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Are the '06 & newer Rav4's "AWD" or "4WD"....?
I keep hearing this term Viscous......wondering if that applies to these newer Rav4s, in other words how exactly does the AWD system work on these? I'm assumming by now it is proven in snow, icy conditions, wet highways, etc...?

Is the design similar to say a Subaru Forester....? Subaru tends to really focus in their marketing on their AWD capability, and i'm wondering how these '06 & '07 Rav4s stack up against them. The RAV4s appear to be priced more for our budget.

Thanks very much
 

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..Toyota's website lists the Rav as being equipped with either "Front engine front-wheel drive or Electronic On-Demand 4-wheel drive (4WD)". Viscous refers to the gears of the system being lubricated with liquid material; you usually hear "Viscous Limited-Slip Differential" or something similar. Basically, the Rav has a real 4wd system, when you push the button it locks the system to direct torque to all four wheels depending on traction needs. It doesn't include a low range, so it's not your pick for heavy rock climbing. But the system with a decent set of tires should be more than enough for common folks' snow and icey/wet highway needs.

Subaru operates alittle differently. Their systems are permanent all wheel drive; all the time power is being sent to all four wheels (unlike the Rav--which is either front wheel drive or 4 wheel drive), and the system cannot be deactivated. Also unlike the Rav's system, AWD is always on and won't hurt the car at highway speed. Leave a 4wd system on at 70 mph and you can say goodbye to the transmission...thats why 4wd Lock on the Rav only stays on below 23 mph...I think it's a number like that.

I hope this is slightly clearer than mud! If you're confused or anything just ask!
 

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..Toyota's website lists the Rav as being equipped with either "Front engine front-wheel drive or Electronic On-Demand 4-wheel drive (4WD)". Viscous refers to the gears of the system being lubricated with liquid material; you usually hear "Viscous Limited-Slip Differential" or something similar. Basically, the Rav has a real 4wd system, when you push the button it locks the system to direct torque to all four wheels depending on traction needs. It doesn't include a low range, so it's not your pick for heavy rock climbing. But the system with a decent set of tires should be more than enough for common folks' snow and icey/wet highway needs.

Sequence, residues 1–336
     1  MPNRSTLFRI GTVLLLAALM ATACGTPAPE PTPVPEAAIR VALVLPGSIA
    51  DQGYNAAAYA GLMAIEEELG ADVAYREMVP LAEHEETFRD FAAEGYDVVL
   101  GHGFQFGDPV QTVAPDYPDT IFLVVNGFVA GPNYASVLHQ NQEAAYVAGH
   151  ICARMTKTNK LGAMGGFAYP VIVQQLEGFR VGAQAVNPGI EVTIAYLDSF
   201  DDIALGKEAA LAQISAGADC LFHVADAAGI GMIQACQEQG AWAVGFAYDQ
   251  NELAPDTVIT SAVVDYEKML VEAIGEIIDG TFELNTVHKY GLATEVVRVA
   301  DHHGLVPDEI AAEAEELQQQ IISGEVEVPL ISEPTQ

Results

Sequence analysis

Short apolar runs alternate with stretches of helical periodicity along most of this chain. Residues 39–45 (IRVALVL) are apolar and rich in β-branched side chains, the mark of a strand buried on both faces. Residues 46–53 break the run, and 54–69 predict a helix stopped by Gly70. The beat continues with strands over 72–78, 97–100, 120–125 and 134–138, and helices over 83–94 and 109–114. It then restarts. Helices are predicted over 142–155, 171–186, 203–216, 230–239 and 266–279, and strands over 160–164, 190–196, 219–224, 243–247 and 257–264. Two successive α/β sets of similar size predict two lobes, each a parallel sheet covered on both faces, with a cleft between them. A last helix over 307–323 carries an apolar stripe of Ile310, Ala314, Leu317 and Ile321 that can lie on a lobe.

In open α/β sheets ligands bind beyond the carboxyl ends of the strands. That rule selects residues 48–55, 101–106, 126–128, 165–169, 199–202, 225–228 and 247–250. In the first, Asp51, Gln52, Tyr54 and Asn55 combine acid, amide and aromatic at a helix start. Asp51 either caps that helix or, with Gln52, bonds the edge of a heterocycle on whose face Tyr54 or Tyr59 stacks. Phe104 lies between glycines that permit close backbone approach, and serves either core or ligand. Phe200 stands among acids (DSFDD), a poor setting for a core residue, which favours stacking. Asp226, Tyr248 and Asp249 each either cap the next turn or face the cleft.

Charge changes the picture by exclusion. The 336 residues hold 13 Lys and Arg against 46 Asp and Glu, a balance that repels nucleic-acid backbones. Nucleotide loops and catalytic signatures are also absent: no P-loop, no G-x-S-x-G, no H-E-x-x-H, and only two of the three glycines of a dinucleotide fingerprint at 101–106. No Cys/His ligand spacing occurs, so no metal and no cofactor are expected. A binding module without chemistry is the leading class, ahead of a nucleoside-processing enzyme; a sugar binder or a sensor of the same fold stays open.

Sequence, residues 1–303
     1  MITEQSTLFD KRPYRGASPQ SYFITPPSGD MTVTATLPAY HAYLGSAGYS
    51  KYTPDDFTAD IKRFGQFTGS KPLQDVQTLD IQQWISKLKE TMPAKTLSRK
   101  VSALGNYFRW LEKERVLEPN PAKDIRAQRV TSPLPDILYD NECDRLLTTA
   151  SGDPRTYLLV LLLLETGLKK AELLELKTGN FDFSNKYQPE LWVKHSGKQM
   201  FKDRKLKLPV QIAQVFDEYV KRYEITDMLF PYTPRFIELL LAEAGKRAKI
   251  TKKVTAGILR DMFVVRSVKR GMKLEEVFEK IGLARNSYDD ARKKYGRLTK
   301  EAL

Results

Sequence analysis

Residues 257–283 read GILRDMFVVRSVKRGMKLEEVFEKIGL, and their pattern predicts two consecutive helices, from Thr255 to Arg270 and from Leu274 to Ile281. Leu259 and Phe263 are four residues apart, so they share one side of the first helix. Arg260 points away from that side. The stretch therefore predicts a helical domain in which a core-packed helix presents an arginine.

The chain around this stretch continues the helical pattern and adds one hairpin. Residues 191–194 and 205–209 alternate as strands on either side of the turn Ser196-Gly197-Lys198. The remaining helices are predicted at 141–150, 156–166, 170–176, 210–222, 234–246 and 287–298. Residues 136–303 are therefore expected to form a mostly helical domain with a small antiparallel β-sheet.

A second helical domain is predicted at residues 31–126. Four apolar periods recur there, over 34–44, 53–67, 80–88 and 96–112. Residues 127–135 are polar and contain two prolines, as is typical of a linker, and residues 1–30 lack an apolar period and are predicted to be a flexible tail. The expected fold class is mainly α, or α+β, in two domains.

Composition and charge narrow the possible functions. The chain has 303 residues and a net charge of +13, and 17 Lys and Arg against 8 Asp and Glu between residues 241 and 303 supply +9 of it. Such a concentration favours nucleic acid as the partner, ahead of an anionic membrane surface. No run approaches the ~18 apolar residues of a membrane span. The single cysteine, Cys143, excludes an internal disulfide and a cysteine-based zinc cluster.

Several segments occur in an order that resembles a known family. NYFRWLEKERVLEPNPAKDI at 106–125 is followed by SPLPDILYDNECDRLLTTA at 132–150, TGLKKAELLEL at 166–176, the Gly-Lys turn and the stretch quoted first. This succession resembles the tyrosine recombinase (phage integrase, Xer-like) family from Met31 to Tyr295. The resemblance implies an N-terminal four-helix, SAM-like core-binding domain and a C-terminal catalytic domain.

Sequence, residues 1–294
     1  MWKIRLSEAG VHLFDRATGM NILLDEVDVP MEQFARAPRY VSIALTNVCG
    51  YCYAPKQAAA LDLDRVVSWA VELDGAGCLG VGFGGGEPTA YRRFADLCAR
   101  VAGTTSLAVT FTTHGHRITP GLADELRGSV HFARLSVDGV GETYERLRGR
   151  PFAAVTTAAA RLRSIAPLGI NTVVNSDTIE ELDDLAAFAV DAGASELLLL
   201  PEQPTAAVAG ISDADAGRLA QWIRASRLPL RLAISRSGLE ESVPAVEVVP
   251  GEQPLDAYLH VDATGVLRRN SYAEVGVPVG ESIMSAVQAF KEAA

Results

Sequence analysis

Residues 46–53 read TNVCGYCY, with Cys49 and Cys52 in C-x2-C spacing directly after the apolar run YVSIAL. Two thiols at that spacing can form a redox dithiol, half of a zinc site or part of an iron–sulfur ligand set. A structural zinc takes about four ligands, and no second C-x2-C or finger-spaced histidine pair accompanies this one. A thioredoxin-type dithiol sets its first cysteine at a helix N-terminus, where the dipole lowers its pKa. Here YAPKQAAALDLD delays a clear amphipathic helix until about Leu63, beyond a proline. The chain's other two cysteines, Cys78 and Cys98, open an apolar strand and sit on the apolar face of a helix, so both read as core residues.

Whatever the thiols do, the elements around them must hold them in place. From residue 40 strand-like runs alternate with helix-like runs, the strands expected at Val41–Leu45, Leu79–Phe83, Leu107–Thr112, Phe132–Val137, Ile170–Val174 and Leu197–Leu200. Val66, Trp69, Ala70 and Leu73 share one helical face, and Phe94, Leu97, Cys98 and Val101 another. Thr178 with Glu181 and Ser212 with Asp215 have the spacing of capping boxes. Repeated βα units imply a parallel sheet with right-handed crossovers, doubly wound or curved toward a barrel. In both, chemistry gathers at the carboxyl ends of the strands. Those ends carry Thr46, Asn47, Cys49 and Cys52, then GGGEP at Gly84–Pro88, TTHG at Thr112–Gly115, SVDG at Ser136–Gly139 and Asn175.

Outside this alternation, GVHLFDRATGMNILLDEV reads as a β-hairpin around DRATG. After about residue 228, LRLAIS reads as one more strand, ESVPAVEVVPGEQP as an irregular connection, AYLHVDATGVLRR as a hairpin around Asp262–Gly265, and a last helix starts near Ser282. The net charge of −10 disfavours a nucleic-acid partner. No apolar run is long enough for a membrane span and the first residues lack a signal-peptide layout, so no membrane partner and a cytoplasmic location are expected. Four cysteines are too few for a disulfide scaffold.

Subaru operates alittle differently. Their systems are permanent all wheel drive; all the time power is being sent to all four wheels (unlike the Rav--which is either front wheel drive or 4 wheel drive), and the system cannot be deactivated. Also unlike the Rav's system, AWD is always on and won't hurt the car at highway speed. Leave a 4wd system on at 70 mph and you can say goodbye to the transmission...thats why 4wd Lock on the Rav only stays on below 23 mph...I think it's a number like that.

I hope this is slightly clearer than mud! If you're confused or anything just ask!
Great post, good info!
 

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AWD/4WD seem to mean different things to different people, but the RAV4 is AWD to me. Power IS sent to all four wheels at all times, according to Toyota's description of the system; the 'Lock' feature just sends maximum torque rearwards under 25 mph, instead of letting the computer decide the torque mix. The "4WD" system description in the RAV4 New Car Features Guide is a good reference.
 

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AWD/4WD seem to mean different things to different people, but the RAV4 is AWD to me. Power IS sent to all four wheels at all times, according to Toyota's description of the system; the 'Lock' feature just sends maximum torque rearwards under 25 mph, instead of letting the computer decide the torque mix. The "4WD" system description in the RAV4 New Car Features Guide is a good reference.
Actually youre right....if you buy the Rav with 4wd then it is, in esscence, AWD..all 4 wheels get power. I was thinking of the FWD model in which, of course, only the front wheels are driving.

I'm only trying to help...sorry if things aren't 120% accurate.
 

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As is typical, you can believe only 1% of what you read in these forums. We need facts here, NOT opinions stated as facts. TT2591 is incorrect on many points. Your apologies are a bit late if someone is making a purchase decision based on your perported expertize. But, as always to the reader - 'Let the reader bewary'(sic)!

Changing subject- My 2005, 5M AWD BASE is: all-time awd w/ viscous coupling, very similar to a subaru except for the inefficient 90degree power diversion to the rear on the Toy (just look at the crappy tire wear!). This is the CHEAPEST, "hyundiaesqe" system to implement. Look up viscous coupling in WIKIPEDIA for more info.
Ole Grumpy -
ex: Foreign Auto Tech and Detroit race engine builder; NIASE master tech patch; BSME.
 

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Hey Grumpy I'm with you, AWD is what it says, power is delivered to all the wheels all the time. Slipping has to occur to make up for turning or simple tire wear. This is done using viscous coupling between front set of wheels and rears. The early RAV4's used a system like a differential instead of a viscous coupling. 4WD has all the mechanicals locked together, that's why in a turn your front wheels are travelling a wider circle than your back wheels, causing binding also the same when driving with different sized tires. Now I'm not an engineer, this is just the way I understand it.:cool:
 
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